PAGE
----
When I was in Idaho, my friend, who works from home, mentioned that he doesn't just go out and fish or do whatever in the middle of the day because he likes to "be available" to his boss (across the country) during business hours. So even if he's got nothing pressing and it's a beautiful day out, he won't go do something in the middle of the day and catch up later if need be. It really struck a chord with me because while I do that at work, it's expected and what I get paid for, so it's fine, but what isn't fine is that I do that at home in the evenings with my family! When the kids were younger, we were the center of their universes and they constantly wanted mommy/daddy time, so I played with them, read with them and snuggled with them as many evenings as I was home (I worked a lot tho). Now, they're doing their homework or playing with their friends or whatever and they don't even look at us unless they want something, but I feel trapped at home, like I have to "be available" in case something comes up so that my wife isn't always having to be the one that is available. I'm trying to be better about (i) "being available" a few days a week so they can approach me on their initiative, (ii) taking the initiative to suggest doing something with them regularly (once a week or so), and (iii) also allowing myself the freedom to take an evening or two a week to have some quality time for myself, where I'm "off". Taking that quality personal time recharges me and helps me feel happier and therefore a better husband and father. When I don't make that effort, the time just "being available" is largely unproductive so it doesn't really benefit the kids and it doesn't recharge me at all. FWIW to any aspiring parents, babies are easy, kids are not. Good luck and god bless.

One other thing -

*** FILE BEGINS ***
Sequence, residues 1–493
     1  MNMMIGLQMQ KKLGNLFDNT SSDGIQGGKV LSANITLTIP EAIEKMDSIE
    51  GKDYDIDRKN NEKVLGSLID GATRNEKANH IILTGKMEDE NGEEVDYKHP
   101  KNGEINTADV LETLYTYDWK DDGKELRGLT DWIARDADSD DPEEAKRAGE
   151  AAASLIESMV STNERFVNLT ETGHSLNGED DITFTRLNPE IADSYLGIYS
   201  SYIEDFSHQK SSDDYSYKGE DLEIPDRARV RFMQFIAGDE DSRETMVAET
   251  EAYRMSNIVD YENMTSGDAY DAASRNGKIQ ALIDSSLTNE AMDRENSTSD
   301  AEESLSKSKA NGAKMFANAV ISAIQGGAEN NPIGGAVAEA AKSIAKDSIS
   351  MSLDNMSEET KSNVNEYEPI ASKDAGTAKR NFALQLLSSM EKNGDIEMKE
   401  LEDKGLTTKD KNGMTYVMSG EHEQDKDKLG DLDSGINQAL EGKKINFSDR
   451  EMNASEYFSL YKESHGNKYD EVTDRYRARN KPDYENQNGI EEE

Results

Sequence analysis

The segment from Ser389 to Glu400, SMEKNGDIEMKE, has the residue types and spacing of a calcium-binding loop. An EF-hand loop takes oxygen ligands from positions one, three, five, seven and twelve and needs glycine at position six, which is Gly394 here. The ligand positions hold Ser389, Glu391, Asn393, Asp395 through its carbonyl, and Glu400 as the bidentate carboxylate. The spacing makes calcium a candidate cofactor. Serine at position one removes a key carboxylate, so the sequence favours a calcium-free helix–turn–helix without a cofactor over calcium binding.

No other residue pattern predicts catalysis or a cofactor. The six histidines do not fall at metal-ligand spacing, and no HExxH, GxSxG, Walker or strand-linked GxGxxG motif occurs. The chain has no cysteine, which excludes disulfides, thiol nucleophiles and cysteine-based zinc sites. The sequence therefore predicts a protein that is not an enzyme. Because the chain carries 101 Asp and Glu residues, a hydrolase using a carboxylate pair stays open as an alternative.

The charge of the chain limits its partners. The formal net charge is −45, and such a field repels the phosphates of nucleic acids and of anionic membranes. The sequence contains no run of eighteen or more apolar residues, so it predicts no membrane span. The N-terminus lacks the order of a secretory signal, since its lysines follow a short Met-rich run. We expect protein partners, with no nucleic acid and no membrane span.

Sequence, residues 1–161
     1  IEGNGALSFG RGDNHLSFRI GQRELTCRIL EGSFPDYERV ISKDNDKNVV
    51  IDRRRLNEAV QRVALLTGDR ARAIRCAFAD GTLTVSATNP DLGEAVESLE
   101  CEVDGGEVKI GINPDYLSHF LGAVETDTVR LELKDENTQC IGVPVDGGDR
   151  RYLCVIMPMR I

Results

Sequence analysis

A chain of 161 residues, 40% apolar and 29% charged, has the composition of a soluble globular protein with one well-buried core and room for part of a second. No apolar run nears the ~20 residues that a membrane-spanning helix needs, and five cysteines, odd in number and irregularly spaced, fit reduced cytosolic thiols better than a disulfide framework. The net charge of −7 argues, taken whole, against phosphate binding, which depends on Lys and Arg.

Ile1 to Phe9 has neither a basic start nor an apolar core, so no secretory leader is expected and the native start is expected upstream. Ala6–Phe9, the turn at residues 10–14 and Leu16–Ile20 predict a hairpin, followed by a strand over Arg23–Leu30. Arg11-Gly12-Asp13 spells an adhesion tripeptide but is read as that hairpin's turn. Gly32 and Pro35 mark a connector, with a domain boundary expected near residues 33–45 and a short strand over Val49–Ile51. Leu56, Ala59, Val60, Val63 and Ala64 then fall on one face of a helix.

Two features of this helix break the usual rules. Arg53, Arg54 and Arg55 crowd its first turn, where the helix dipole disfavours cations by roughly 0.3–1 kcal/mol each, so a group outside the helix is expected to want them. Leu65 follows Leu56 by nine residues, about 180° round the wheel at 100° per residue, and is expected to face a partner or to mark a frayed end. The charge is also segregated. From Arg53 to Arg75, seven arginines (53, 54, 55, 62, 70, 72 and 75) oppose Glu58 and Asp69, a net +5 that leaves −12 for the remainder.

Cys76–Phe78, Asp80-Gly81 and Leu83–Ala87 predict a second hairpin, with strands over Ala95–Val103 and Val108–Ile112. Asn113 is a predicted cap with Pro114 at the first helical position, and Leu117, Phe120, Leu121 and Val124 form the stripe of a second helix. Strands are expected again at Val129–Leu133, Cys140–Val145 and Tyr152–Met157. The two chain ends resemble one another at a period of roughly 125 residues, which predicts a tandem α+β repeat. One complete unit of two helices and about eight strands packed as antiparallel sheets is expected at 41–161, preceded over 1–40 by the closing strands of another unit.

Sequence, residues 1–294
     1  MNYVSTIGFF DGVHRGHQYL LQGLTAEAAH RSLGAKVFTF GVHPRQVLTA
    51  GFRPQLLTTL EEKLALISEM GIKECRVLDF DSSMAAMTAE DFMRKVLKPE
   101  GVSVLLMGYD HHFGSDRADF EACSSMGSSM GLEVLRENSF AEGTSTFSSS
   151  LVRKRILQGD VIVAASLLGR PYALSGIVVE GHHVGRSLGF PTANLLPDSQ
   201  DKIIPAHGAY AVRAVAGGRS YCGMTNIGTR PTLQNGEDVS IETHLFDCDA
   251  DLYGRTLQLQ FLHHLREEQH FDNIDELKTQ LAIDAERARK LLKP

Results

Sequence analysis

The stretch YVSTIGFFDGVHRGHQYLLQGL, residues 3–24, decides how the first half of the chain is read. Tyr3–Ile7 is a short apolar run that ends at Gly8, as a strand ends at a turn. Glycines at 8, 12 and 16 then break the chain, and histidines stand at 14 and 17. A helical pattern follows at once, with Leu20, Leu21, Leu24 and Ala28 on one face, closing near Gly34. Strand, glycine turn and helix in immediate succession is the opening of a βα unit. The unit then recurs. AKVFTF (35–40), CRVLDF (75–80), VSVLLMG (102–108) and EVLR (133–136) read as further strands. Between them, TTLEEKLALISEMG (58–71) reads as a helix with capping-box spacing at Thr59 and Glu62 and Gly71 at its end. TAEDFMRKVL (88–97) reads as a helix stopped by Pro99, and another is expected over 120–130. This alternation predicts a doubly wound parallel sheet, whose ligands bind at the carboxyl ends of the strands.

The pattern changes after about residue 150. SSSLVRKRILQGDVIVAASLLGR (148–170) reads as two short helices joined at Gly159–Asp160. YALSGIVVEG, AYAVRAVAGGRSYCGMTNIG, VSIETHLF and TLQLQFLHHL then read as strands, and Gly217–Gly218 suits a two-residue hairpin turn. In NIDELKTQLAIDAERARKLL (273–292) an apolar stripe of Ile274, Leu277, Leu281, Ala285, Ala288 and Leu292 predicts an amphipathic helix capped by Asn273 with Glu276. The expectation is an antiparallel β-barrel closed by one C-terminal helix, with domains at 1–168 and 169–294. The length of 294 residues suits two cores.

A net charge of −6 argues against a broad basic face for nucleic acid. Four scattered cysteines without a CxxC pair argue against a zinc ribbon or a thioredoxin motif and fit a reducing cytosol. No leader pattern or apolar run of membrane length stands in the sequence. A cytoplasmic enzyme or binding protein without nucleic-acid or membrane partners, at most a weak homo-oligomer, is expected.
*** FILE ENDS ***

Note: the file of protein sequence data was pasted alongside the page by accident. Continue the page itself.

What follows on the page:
Scott 2 wrote:
Sat May 12, 2018 2:49 am
I have repeatedly made the mistake of chasing an idealized self image, rather than embracing my true authentic self. Doing the latter is much more fulfilling, even if it leads to fewer total years.
Well said, 2nd Scott.

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Family father
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Re: Suomalaisen Päiväkirja

Post by Family father » Mon May 14, 2018 7:48 am

I don't have much to add (yet), but I'll thank you all for this very interesting conversation..

:applause:

suomalainen
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Re: Suomalaisen Päiväkirja

Post by suomalainen » Sat May 19, 2018 6:37 pm

It was a tougher week. Really highlighted the importance of the deliberateness of "deliberate mindfulness". I still got out a couple days this week, but injuries and work and family commitments and whatnot made it busier and less satisfying somehow. Life. Whaddyagonnado?

I did do some thinking about early retirement. Work was really hard this week. Just didn't want to be there. But those are just zombie processes that I had to focus on force quitting. I watched "The Barkley Marathons" last night and there was a guy that mentioned that his father worked his whole life looking forward to his world-travel retirement only to die a year before he hit his retirement age. Reinforced this idea that life might not be ideal and having a non-ERE spouse and family to support might not make some of my personal fantasies a reality, but this is the only fucking life I have. Live what I have to the best of my ability. Work isn't so bad, family is "not fun, but it's enjoyable" as an old grumpy religious leader once liked to harp about religious service obligations, and I have the flexibility to squeeze in some personal time. This busy-ness is a phase. I will enjoy other aspects of other phases so may as well suck the marrow out of the shittiness of this phase. Mmmm. That's some tasty feces.